The Hindu (Mumbai)

Too many trekkers spoil the mountains

The Karnataka Ecotourism Developmen­t Board has forgotten its role

- Janaki Murali Janaki Murali is a journalist and author

fter 4,000 trekkers climbed the Kumara Parvatha peak in the ecological­ly fragile Pushpagiri Wildlife Sanctuary on the Republic Day weekend, an alarmed Karnataka government temporaril­y banned trekking in the State. Until a standard operating procedure is put in place, routes without an online booking system would remain closed, it said.

Although temporary in nature, the ban will effectivel­y extend until September, as trekking is not allowed in the forest from March to September due to the risks associated with the monsoon months and probable forest fires.

Videos of a traffic jam of climbers en route to the peak went viral on social media. The government took this decision after ecologists and conservati­onists raised concerns about the damage that this could cause to the ecological­ly sensitive Western Ghats. While welcoming prompt action from the government, activists have called for more stringent measures and access to be limited to only serious trekkers studying forests and the environmen­t.

Nowadays, many young trekkers with disposable incomes book weekend getaways that are challengin­g. They often flood social media with their personal vlogs, capturing their unique experience of negotiatin­g a tough terrain. At a height of 5,600 feet, the Kumara Parvatha in Dakshina Kannada is considered one of the toughest treks in south India. The trek extends 25 km both ways, starting from the Kukke Subramanya temple, about 280 km

Afrom Bengaluru.

Several private tourism agents and trekking clubs offer trekking packages to large groups, which include food packets, tents, and forest entry fees. So much so that forest department officials face challenges in handling the crowds at entry points. This is where baggage is checked for banned items and passes are then issued. Some serious trekkers have likened the weekend crowds to that of the Everest base camp during peak season and prefer to trek during the weekdays.

It is puzzling that the forest department has not fixed restrictio­ns on the number of trekkers who can enter the forest per day, especially since the Karnataka Tourism Policy 202026 (revised) states that “ecotourism activities shall focus on increasing awareness towards conservati­on and sustainabi­lity of biodiversi­ty and natural environmen­ts.” It adds, “The developmen­t and promotion of ecotourism shall be done after careful considerat­ion of the destinatio­n’s carrying capacity…”

The Pushpagiri wildlife sanctuary, proposed as a World Heritage Site, is one of 21 sanctuarie­s in Karnataka. It is situated in the Western Ghats, which has been recognised by UNESCO as one of the eight “hottest hotspots” in the world. The UNESCO says, “Forests of the site include some of the best representa­tives of nonequator­ial tropical evergreen forests anywhere and are home to at least 325 globally threatened flora, fauna, bird, amphibian, reptile and fish species.”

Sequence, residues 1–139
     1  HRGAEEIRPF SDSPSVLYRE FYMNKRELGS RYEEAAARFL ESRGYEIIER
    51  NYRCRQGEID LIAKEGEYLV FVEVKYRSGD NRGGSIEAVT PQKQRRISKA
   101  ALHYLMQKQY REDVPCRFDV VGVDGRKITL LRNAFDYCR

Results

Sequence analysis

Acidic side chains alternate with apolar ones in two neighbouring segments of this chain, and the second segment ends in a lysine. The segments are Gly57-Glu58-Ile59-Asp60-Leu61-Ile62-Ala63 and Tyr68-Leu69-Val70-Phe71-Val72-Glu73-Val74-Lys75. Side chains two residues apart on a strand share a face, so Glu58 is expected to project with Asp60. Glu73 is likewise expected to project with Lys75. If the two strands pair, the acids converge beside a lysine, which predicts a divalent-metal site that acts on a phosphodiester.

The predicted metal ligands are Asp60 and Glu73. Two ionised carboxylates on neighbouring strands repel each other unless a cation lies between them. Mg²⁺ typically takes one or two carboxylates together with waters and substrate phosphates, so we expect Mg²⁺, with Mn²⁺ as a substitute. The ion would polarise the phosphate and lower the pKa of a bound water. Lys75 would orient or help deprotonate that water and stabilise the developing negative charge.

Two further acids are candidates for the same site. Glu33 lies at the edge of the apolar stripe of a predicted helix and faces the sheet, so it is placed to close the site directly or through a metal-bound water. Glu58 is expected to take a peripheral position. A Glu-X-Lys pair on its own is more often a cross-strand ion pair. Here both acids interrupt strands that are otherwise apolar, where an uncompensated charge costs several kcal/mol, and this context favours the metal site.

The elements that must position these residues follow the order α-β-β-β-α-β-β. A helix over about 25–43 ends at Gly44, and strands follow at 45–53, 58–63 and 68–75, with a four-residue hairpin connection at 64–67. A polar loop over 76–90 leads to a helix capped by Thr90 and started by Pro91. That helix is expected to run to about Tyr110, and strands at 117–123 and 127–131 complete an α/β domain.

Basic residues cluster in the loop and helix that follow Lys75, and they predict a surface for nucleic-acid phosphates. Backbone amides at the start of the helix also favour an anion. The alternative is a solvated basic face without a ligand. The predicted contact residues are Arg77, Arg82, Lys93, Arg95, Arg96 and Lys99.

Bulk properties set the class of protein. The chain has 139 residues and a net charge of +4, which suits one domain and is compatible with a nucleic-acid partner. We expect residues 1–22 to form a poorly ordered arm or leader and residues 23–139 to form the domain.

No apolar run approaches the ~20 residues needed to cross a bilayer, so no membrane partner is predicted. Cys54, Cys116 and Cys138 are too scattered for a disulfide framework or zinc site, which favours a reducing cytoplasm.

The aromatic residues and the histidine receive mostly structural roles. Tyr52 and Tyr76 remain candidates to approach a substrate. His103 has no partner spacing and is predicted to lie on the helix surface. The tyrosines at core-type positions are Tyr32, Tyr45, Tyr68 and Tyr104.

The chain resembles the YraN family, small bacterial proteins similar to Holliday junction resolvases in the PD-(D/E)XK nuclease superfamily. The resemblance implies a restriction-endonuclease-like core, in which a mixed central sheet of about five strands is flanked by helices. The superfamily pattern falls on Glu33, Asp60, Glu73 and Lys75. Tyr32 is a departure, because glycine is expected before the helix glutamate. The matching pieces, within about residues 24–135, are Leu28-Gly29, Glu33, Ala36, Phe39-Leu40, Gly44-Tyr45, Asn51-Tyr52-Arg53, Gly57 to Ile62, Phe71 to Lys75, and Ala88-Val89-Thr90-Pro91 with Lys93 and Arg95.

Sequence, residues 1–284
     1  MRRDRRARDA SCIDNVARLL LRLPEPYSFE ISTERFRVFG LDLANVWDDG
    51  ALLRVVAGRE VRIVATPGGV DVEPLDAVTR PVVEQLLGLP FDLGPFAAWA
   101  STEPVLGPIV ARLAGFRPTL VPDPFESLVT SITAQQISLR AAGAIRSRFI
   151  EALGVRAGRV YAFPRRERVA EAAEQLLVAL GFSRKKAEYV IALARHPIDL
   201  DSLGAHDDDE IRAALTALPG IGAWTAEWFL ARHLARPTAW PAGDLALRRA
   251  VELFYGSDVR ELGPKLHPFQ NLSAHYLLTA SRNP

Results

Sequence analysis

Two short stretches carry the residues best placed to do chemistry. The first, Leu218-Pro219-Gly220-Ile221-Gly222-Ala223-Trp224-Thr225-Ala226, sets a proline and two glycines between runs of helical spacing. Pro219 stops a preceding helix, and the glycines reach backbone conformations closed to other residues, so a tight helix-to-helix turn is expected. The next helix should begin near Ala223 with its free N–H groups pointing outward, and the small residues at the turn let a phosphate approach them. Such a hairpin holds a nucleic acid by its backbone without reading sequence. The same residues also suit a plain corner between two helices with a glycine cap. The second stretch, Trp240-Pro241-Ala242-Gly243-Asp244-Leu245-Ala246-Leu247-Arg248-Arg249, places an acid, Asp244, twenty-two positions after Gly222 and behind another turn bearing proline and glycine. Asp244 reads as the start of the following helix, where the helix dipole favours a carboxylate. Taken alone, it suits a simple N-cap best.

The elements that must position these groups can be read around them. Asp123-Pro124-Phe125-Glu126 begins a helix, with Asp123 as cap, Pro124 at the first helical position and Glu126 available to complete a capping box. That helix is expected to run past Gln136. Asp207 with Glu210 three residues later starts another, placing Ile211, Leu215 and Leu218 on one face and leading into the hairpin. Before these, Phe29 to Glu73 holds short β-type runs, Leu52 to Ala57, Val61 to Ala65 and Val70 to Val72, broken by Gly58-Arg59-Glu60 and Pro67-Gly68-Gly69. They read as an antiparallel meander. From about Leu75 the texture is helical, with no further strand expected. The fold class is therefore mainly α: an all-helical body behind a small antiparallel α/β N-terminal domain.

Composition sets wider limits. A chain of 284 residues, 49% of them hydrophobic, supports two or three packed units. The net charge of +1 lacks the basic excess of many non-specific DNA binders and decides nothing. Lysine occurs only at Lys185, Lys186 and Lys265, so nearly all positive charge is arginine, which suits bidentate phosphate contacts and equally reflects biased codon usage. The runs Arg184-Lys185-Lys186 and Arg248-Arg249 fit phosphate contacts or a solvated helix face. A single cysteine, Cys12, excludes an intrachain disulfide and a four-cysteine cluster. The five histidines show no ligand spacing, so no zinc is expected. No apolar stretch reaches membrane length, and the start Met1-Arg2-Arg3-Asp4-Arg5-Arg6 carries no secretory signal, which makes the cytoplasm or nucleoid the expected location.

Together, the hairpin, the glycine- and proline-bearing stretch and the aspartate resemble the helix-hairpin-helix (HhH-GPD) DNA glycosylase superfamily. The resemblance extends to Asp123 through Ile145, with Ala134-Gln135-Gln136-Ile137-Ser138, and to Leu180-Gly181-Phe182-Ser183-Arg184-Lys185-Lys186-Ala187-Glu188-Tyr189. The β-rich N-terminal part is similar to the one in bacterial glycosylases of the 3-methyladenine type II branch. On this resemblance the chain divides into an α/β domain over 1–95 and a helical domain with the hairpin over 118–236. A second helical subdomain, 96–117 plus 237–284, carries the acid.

When the Karnataka Ecotourism Developmen­t Board (KEDB) was set up in 2013, its aim was to “help the government immensely in protecting the wildlife, creating awareness about it, encouragin­g ecotourism, forest safaris and also prevent damage to the ecosystem in the name of tourism.” Under its objectives, the KEDB states that “the Forest Department shall encourage and permit wilderness tourism in specified areas of the National Parks/Sanctuarie­s/Forests, as a conservati­on tool. It is necessary that tourists desirous of entering wilderness areas should have interest in the flora and fauna. Casual tourists shall be discourage­d.” It adds, “The wilderness areas are sacrosanct, and should continue to sustain themselves in pristine state... the entry of the number of tourists permissibl­e shall be kept within limits.”

So, what went wrong? How did a body set up expressly to protect the sensitive ecological regions while promoting ecotourism forget its role? How did the board remain a silent bystander to the indiscrimi­nate entry of tourists into this ecosensiti­ve region?

Overcrowdi­ng damages the delicate biodiversi­ty of the region and also poses dangers to the tourists themselves. Forests are not just a source of livelihood, food, and fuel, but also act as carbon sinks. They purify our air and water and help fight climate change. Both the state and civil society have a role to play in conserving our rich biodiversi­ty.

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